From the beginning, I was fascinated by this group of characters. Each of them felt unique and compelling. I particularly enjoyed Jenna’s and Donny’s perspectives. They really got this story off on the right foot for me.

I totally understand that this might not work for everyone, but it was so different from other Thrillers I’ve read lately, it honestly felt like a breath of fresh air.

Admittedly, I’m a huge fan of the trope that is like a group of individuals who grew up together, who had something happen many years ago, who reunite as adults to investigate, or put to bed some sort of issue that has plagued them since they were kids.

So, out of the box, this was most likely going to work for me. I just love that vibe. It was giving me It, or even Black Mouth by Ronald Malfi, except for instead of supernatural forces we’re tackling, we have a full-fledged Action Thriller.

Is this OTT? Absolutely, it is, but I didn’t mind at all. I felt like the characters and the backstory were so well done that the OTT-narrative didn’t make me flinch for even a moment.

I listened to the audiobook and would recommend that format. The narration was fabulous and kept me 100%-focused the whole way through.

I would definitely recommend this to anyone who likes action-packed Thrillers. If you enjoyed things like Adrian McKinty’s, The Island, or Falling by T.J. Newman, you should absolutely check this one out.

Thank you so much to the publisher, Minotaur Books and Macmillan Audio, for providing me with copies to read and review. I was really looking forward to this and it didn’t disappoint.

I feel like all of Finlay’s books have been so different. I’m really looking forward to seeing what he serves us next!

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Review: The Angel Maker by Alex North

The Angel MakerThe Angel Maker by Alex North
My rating: 2 of 5 stars

When I read The Whisper Man in January of 2020, I was so impressed. It was everything I wanted in a Crime Thriller. It was gritty, eerie, sordid and compelling.

That book single-handedly sealed the fate of my future with this author. I would anxiously await and then eagerly pick up all his new releases.

I ended up really enjoying The Shadows as well. Thus, when I heard about this book, North’s most recent release, The Angel Maker, I was over the moon with anticipation.

Sadly, this one ended up being a complete miss for me.

I listened to the audiobook and starting out, I was so jazzed. The narration was great and I was stoked to be getting early access to North’s new book.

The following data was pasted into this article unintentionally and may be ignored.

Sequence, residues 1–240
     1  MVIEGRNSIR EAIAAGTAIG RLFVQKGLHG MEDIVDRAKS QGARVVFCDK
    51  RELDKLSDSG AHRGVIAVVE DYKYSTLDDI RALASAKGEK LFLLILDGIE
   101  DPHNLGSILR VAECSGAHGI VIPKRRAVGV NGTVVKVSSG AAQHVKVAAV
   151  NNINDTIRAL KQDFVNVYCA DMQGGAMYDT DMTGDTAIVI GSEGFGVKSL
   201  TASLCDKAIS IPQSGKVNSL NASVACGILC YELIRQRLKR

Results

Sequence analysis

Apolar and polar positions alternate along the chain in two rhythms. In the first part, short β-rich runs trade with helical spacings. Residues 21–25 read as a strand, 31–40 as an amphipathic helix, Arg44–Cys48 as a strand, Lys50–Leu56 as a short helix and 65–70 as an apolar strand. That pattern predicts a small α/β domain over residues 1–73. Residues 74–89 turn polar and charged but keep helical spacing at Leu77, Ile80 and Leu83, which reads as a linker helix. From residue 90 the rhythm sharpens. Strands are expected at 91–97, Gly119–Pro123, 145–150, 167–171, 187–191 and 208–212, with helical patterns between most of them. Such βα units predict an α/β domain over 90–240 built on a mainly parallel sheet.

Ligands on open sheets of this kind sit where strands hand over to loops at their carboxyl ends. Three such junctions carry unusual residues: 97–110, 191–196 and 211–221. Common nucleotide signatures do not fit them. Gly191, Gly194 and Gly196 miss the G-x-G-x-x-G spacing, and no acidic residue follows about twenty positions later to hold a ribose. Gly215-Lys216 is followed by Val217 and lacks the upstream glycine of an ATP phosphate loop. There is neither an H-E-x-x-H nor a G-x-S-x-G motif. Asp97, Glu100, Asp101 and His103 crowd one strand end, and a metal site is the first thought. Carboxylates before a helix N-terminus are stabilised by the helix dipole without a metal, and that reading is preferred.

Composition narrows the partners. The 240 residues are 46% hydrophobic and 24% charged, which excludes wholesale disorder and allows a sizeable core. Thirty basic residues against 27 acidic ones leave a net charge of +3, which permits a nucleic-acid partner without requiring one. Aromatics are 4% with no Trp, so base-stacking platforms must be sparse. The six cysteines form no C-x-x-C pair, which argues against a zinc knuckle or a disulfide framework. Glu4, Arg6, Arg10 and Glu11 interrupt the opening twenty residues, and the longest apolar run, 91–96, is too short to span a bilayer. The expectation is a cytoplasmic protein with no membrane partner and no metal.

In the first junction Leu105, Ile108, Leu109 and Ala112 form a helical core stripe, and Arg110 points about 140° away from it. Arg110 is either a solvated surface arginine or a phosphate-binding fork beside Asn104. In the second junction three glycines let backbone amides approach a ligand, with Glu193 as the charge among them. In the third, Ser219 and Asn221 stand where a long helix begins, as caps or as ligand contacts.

The next thing I know, I am 20% in and I have NO CLUE what is happening, who anyone is, or what I am supposed to care about. I can recall the very beginning though, that was interesting and it did stick with me.

A teen girl, who is supposed to walk her brother home from school, chooses not to in lieu of spending some private time with her boyfriend. When she arrives home to police cars, lights and an active investigation, she’s horrified to learn her kid brother had been viciously attacked.

Katie and Chris were the siblings. Here I am at the end of the novel and those are the only two characters I would be able to talk about with any confidence at all. I cannot name one other character.

I couldn’t follow this plot to save my life. It apparently required way more concentration than I was willing to give it. I didn’t care at all. There were so many characters, none of which I felt were developed, besides Katie. After the 60%-point, I just wanted it to end and here we are.

With this being said, I am very aware that I am in the minority opinion on this one. There are so many people who read this and absolutely loved it.

Therefore, do not take my opinion on this one as anything more than what it is: one Reader’s jilted opinion.

Please note, even though this didn’t work for me, I still think that Alex North is an incredible author and I will continue to pick up all his future novels.

Thank you so much to the publisher, Celadon and Macmillan Audio, for providing me with copies to read and review.

I appreciate the opportunity to provide my opinion and look forward to seeing what North comes up with next.